What is the clinical significance of ventricular mural antagonism?

Paul P Lunkenheimer, Peter Niederer, Robert Stephenson, Klaus Redmann, Randas V Batista, Morten Smerup, Robert H Anderson

Research output: Contribution to journalReview articlepeer-review

6 Citations (Scopus)


Recent morphological studies provide evidence that the ventricular walls are arranged as a 3D meshwork of aggregated cardiomyocyte chains, exhibiting marked local structural variations. In contrary to previous findings, up to two-fifths of the chains are found to have a partially transmural alignment, thus deviating from the prevailing tangential orientation. Upon contraction, they produce, in addition to a tangential force, a radial force component that counteracts ventricular constriction and aids widening of the ventricular cavity. In experimental studies, we have provided evidence for the existence of such forces, which are auxotonic in nature. This is in contrast to the tangentially aligned myocytes that produce constrictive forces, which are unloading in nature. The ventricular myocardium is, therefore, able to function in an antagonistic fashion, with the prevailing constrictive forces acting simultaneously with a dilatory force component. The ratio of constrictive to dilating force varies locally according to the specific mural architecture. Such antagonism acts according to local demands to preserve the ventricular shape, store the elastic energy that drives the fast late systolic dilation and apportion mural motion to facilitate the spiralling nature of intracavitary flow. Intracavitary pressure and flow dynamics are thus governed concurrently by ventricular constrictive and dilative force components. Antagonistic activity, however, increases deleteriously in states of cardiac disease, such as hypertrophy and fibrosis. ß-blockade at low dosage acts selectively to temper the auxotonic forces.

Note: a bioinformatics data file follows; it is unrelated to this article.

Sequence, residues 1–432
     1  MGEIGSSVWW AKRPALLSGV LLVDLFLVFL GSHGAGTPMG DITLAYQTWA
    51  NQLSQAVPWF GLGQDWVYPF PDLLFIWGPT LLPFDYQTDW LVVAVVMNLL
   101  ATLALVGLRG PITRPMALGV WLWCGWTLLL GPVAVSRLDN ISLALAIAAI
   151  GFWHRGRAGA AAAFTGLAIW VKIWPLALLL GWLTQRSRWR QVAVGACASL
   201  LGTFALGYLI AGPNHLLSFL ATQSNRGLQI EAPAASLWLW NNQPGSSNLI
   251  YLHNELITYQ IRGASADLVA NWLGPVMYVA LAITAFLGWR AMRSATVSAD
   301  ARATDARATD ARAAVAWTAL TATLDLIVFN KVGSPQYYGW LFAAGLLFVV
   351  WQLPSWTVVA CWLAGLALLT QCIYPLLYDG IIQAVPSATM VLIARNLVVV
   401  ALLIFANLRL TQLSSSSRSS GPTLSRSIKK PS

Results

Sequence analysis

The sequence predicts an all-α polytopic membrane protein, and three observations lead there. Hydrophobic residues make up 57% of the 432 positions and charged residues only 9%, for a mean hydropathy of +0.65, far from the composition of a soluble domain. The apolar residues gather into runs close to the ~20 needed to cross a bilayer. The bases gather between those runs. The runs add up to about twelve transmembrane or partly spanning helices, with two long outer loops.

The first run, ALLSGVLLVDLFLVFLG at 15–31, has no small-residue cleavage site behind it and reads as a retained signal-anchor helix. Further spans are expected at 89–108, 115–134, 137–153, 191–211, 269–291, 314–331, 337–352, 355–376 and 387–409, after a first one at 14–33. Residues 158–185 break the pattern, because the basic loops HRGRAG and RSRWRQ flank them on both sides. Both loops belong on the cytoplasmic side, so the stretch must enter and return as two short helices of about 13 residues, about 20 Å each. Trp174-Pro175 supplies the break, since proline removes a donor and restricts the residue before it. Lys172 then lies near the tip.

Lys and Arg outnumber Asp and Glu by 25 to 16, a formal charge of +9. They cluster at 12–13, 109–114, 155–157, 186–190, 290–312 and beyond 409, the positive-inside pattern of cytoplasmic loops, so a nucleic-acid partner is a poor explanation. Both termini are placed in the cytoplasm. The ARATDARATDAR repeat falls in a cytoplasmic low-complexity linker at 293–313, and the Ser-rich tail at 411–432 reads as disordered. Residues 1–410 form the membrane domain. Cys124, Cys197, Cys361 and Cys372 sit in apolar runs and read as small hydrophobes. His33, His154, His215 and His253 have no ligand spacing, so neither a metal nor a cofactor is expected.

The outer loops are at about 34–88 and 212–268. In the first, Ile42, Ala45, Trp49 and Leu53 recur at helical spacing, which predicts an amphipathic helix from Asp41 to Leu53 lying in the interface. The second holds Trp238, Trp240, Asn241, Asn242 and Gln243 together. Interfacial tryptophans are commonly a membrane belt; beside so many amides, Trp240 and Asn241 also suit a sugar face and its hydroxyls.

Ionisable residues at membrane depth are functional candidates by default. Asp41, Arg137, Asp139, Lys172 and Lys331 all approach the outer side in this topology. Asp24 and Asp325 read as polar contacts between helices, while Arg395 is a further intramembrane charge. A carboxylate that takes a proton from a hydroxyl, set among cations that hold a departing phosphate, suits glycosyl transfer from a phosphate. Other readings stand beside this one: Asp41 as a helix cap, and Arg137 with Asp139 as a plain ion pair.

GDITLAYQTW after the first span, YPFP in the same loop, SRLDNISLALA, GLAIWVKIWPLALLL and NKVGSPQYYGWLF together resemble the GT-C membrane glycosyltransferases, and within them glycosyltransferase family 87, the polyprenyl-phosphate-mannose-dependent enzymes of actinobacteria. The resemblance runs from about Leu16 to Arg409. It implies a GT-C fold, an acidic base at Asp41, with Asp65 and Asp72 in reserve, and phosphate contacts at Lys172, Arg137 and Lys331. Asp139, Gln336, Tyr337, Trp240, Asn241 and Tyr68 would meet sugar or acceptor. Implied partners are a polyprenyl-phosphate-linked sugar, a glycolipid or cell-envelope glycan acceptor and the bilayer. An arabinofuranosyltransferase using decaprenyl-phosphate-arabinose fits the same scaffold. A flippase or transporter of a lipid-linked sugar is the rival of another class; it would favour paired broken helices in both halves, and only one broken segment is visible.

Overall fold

Original languageEnglish
Pages (from-to)714-723
Number of pages10
JournalEuropean Journal of Cardio-Thoracic Surgery
Issue number4
Early online date9 Nov 2017
Publication statusPublished - Apr 2018


  • Heart Ventricles/anatomy & histology
  • Humans
  • Myocardial Contraction
  • Ventricular Function
  • Ventricular Pressure


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